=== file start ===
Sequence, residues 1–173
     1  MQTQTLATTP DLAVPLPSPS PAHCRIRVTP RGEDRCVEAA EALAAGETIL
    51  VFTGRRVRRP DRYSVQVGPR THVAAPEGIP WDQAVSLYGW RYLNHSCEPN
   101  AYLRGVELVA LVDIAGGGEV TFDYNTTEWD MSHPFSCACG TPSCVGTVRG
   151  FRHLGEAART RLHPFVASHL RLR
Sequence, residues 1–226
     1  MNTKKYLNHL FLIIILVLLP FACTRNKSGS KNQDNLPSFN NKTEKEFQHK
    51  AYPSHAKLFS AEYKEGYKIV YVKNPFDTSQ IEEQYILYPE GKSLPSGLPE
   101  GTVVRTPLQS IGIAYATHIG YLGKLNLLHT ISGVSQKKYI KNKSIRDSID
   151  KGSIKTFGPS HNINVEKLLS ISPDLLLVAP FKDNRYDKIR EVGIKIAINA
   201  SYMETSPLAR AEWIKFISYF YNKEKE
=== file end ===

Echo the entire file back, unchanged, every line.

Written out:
Sequence, residues 1–173
     1  MQTQTLATTP DLAVPLPSPS PAHCRIRVTP RGEDRCVEAA EALAAGETIL
    51  VFTGRRVRRP DRYSVQVGPR THVAAPEGIP WDQAVSLYGW RYLNHSCEPN
   101  AYLRGVELVA LVDIAGGGEV TFDYNTTEWD MSHPFSCACG TPSCVGTVRG
   151  FRHLGEAART RLHPFVASHL RLR
Sequence, residues 1–226
     1  MNTKKYLNHL FLIIILVLLP FACTRNKSGS KNQDNLPSFN NKTEKEFQHK
    51  AYPSHAKLFS AEYKEGYKIV YVKNPFDTSQ IEEQYILYPE GKSLPSGLPE
   101  GTVVRTPLQS IGIAYATHIG YLGKLNLLHT ISGVSQKKYI KNKSIRDSID
   151  KGSIKTFGPS HNINVEKLLS ISPDLLLVAP FKDNRYDKIR EVGIKIAINA
   201  SYMETSPLAR AEWIKFISYF YNKEKE